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Biden attacks Trump's Covid-19 response in South Korean op-ed and promises 'principled diplomacy' with North Korea

Posted October 30, 2020 9:01 a.m. EDT

— Democratic presidential nominee Joe Biden attacked President Donald Trump's handling of the Covid-19 pandemic in an op-ed for a Korean media outlet Friday and promised to engage in "principled diplomacy" in pursuing the denuclearization of North Korea.

In an op-ed published in South Korea's Yonhap News Agency, Biden criticized Trump's "failed leadership" during the pandemic, claiming he has "tanked our economy and shattered hope for many Korean Americans."

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"President Trump knew how deadly COVID-19 was back in January and did nothing to control it," Biden wrote. "More than 225,000 Americans are dead. Some 30 million have lost jobs, hours, wages. One in five small businesses have shut down, many of them Korean American-owned small businesses."

Biden's op-ed was a direct and striking criticism of a sitting US leader in a foreign media outlet, and Yonhap called the piece the "first of its kind to a South Korean media company in the year of the US presidential election."

The op-ed dropped just days ahead of Election Day in the US, where disarming North Korea remains one of the most challenging foreign policy issues for whomever wins the White House.

The former vice president sought to contrast himself with Trump's approach to diplomacy in the Korean Peninsula in his attempts to get North Korean dictator Kim Jong Un to agree to total denuclearization up-front.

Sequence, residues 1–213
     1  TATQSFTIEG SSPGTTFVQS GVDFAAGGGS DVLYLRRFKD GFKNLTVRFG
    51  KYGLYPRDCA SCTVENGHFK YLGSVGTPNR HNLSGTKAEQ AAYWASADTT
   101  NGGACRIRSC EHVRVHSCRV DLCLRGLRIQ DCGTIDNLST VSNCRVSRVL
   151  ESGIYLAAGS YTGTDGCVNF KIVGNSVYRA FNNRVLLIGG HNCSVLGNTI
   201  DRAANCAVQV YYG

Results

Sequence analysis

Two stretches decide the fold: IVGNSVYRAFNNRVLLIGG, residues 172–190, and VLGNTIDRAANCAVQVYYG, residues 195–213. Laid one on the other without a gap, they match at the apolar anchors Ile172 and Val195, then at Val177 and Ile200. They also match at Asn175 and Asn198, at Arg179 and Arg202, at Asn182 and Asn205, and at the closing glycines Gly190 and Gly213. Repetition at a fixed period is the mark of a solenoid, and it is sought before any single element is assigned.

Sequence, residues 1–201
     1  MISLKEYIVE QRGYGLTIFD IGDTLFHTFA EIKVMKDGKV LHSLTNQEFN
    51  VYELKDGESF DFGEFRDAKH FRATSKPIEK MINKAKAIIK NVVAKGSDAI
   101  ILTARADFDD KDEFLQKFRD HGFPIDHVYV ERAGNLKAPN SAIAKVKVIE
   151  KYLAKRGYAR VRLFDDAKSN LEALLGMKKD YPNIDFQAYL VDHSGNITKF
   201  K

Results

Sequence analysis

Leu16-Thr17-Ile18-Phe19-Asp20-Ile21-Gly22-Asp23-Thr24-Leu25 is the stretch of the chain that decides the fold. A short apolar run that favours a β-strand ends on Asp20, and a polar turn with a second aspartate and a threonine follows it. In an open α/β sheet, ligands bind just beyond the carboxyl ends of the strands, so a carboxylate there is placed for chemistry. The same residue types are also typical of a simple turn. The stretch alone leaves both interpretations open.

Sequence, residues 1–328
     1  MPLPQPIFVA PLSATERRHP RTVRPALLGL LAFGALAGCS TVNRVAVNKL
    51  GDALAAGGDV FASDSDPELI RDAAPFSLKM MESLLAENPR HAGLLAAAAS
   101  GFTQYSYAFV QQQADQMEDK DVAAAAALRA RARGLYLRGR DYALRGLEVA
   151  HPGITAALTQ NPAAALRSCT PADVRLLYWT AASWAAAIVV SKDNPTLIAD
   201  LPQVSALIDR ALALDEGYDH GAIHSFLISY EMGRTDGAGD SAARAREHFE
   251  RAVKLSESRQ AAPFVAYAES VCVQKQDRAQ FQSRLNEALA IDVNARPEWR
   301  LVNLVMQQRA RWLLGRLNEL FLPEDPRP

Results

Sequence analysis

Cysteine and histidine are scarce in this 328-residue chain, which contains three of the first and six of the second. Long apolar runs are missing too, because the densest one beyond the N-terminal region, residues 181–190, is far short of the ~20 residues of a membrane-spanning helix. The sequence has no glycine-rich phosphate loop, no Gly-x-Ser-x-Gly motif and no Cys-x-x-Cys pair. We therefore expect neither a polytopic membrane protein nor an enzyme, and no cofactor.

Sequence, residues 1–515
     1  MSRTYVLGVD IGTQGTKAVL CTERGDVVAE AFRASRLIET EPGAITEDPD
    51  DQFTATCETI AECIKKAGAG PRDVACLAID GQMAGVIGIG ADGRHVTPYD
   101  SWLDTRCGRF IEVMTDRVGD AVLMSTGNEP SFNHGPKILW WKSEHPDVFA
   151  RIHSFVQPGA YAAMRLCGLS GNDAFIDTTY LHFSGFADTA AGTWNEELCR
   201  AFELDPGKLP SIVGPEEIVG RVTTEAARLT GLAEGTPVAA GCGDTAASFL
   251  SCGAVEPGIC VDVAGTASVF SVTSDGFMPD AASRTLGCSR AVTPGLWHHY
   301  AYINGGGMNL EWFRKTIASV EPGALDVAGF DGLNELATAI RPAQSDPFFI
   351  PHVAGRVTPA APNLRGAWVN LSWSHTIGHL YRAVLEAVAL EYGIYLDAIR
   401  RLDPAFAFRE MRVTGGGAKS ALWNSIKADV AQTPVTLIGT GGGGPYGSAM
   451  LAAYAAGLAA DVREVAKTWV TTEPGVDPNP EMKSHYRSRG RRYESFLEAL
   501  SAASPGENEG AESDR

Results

"Words matter -- and a president's words matter even more. As President, I'll stand with South Korea, strengthening our alliance to safeguard peace in East Asia and beyond, rather than extorting Seoul with reckless threats to remove our troops," Biden wrote.

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In comments made to donors, first reported by The Washington Post, Trump, in 2018, appeared to threaten to withdraw US troops from South Korea if he can't get a better trade deal with Seoul. The Trump administration also previously sought to get South Korea to pay roughly 400% more to cover the cost of keeping US troops on the peninsula.

In his op-ed, Biden wrote that if elected he'll "engage in principled diplomacy and keep pressing toward a denuclearized North Korea and a unified Korean Peninsula, while working to reunite Korean-Americans separated from loved ones in North Korea for decades."

He added that as president he would work to fix the immigration system to provide a "roadmap to citizenship for undocumented Koreans," as he said about 2 million Korean-Americans have made "innumerable contributions" to the country.

"As President, I'll continue to defend the American Dream for everyone, so every Korean American family has the same fair shot at prosperity and a better future," he wrote.

Biden has been critical of Trump's relationship with Kim. In a Democratic primary debate back in January, Biden said he would not meet with Kim without preconditions, and that he would instead push China and other Asian neighbors to pressure the country to abandon its nuclear ambitions.

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Trump met with Kim three times over his presidency, first in Singapore, then Vietnam and finally at the Demilitarized Zone dividing North and South Korea — becoming the first sitting US leader to set foot in the hermit kingdom. But negotiations have been at an impasse since.

Pyongyang has not tested any nuclear weapons or long-range missiles since November 2017, but has continued testing shorter-range missiles that could be used to target US troops or allies in the region.

On October 10, North Korea unveiled what analysts believed to be one of the world's largest ballistic missiles at a military parade on a significant anniversary in Pyongyang.

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